Jeokgwangjeon Hall of Bogyeongsa Temple

The Jeokgwangjeon Hall of Bogyeongsa Temple, located in Pohang, is a structure that measures three kan by two kan. It has a simple gable roof supported by multiple clusters of decorative brackets.

The hall enshrines a Vairocana statue and features stone column bases and fillers typical of Unified Silla architecture.

Additionally, the gateposts are supported by stone bases that hint at using materials from the original Silla structure during the hall's restoration.

The wooden bases in the lower front of the hall are adorned with intricately carved lions. The decorative brackets arranged along the eaves exhibit late seventeenth-century characteristics, while the exposed-rafter ceiling gives the building its unique style.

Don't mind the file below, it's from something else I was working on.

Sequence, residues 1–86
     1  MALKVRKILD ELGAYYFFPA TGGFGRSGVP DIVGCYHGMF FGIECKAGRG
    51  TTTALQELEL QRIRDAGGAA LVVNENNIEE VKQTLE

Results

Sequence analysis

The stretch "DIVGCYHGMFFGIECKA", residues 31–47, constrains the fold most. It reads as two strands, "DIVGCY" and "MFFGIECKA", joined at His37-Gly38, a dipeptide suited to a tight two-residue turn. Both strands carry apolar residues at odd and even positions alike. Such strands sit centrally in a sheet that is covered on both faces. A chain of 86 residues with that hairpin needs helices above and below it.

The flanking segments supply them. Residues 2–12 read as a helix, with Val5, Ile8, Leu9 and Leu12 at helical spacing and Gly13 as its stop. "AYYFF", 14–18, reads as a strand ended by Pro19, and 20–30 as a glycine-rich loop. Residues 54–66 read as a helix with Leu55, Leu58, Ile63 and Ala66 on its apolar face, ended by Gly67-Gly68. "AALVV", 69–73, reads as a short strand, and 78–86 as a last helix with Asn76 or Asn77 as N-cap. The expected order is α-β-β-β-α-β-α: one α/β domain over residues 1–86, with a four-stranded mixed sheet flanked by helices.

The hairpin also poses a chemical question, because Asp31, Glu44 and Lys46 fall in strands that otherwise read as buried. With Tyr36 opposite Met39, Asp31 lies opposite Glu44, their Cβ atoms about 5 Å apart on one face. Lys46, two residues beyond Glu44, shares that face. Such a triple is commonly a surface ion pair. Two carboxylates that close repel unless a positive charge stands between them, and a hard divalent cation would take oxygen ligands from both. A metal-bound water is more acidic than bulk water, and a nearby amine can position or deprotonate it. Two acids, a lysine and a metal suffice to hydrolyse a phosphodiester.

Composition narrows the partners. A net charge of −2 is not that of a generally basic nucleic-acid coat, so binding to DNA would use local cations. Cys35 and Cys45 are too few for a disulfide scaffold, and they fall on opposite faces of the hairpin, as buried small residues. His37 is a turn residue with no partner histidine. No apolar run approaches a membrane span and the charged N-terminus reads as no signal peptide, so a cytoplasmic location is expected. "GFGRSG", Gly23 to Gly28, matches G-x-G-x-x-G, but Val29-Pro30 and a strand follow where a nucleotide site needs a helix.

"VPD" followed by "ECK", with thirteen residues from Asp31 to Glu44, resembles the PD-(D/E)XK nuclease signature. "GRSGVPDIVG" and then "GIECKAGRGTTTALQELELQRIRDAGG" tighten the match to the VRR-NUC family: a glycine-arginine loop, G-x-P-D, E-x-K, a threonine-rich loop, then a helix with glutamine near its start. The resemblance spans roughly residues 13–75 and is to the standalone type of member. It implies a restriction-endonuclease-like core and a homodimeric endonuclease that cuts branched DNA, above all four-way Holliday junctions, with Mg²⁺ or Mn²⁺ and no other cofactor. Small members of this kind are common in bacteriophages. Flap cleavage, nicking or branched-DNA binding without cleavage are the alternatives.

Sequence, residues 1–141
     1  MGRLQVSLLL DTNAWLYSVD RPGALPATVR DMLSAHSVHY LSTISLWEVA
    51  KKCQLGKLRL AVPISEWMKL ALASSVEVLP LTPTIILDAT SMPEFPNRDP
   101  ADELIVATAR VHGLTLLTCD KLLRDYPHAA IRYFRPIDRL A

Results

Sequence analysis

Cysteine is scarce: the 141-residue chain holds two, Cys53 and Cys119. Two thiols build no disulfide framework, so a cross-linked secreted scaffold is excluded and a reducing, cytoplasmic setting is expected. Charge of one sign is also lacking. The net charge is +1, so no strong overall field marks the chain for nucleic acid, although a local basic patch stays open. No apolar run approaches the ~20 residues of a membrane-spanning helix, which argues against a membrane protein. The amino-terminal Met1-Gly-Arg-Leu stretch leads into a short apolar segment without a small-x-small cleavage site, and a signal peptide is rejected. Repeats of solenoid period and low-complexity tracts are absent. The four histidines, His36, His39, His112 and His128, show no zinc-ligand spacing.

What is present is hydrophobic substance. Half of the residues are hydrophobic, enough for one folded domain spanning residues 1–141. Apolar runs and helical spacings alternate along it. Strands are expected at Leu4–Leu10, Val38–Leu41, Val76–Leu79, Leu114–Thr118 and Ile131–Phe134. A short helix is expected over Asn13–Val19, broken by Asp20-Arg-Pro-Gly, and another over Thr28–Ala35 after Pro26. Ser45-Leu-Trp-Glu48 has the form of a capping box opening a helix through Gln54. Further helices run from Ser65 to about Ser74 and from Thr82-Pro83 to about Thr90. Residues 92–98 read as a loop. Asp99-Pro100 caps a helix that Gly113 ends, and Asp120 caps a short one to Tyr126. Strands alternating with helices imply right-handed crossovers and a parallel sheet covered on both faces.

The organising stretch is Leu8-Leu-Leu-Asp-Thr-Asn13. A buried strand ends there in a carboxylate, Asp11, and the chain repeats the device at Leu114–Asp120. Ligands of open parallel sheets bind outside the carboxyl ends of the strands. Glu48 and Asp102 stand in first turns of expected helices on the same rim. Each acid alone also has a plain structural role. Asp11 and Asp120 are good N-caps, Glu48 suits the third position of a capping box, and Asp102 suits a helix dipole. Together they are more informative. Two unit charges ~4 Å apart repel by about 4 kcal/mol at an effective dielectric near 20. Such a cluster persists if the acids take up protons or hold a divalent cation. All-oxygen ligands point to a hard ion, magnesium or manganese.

(Note: Kan is a unit of measurement that refers to the distance between two columns.)

Painting of Vairocana Buddha of Bogyeongsa Temple

The Vairocana Buddha of Bogyeongsa Temple in Pohang was created in 1742 by three monk-artists.

The painting depicts Buddhist deities with fine white lines against a red background on a large hemp cloth.

Vairocana Buddha is surrounded by a group of attendants and followers, including Samantabhadra and Manjsri Bodhisattvas, as well as the Four Heavenly Kings.

This altarpiece is one of the earliest devoted to Vairocana Buddha in Korea, and its elaborate brushstrokes, decorative designs, precise production date, and artists make it a valuable source for studying Buddhist iconography during the late Joseon period.

Features of Bogyeongsa Area

bogyeongsa-temple-twin-waterfalls-viewTwin waterfalls on Naeyeonsan Mountain, where Bogyeongsa Temple is nestled. (photo: Youn Keun Roh)

Picturesque Landscape: Bogyeongsa temple is known for its serene and picturesque landscape surrounding the temple grounds.

The temple is at the foot of Naeyeonsan Mountain, and the 13 beautiful waterfalls that flow from the mountain create a peaceful and tranquil environment.

Visitors to the temple can enjoy the stunning natural scenery and walk along the mountain path to experience a closer connection with nature.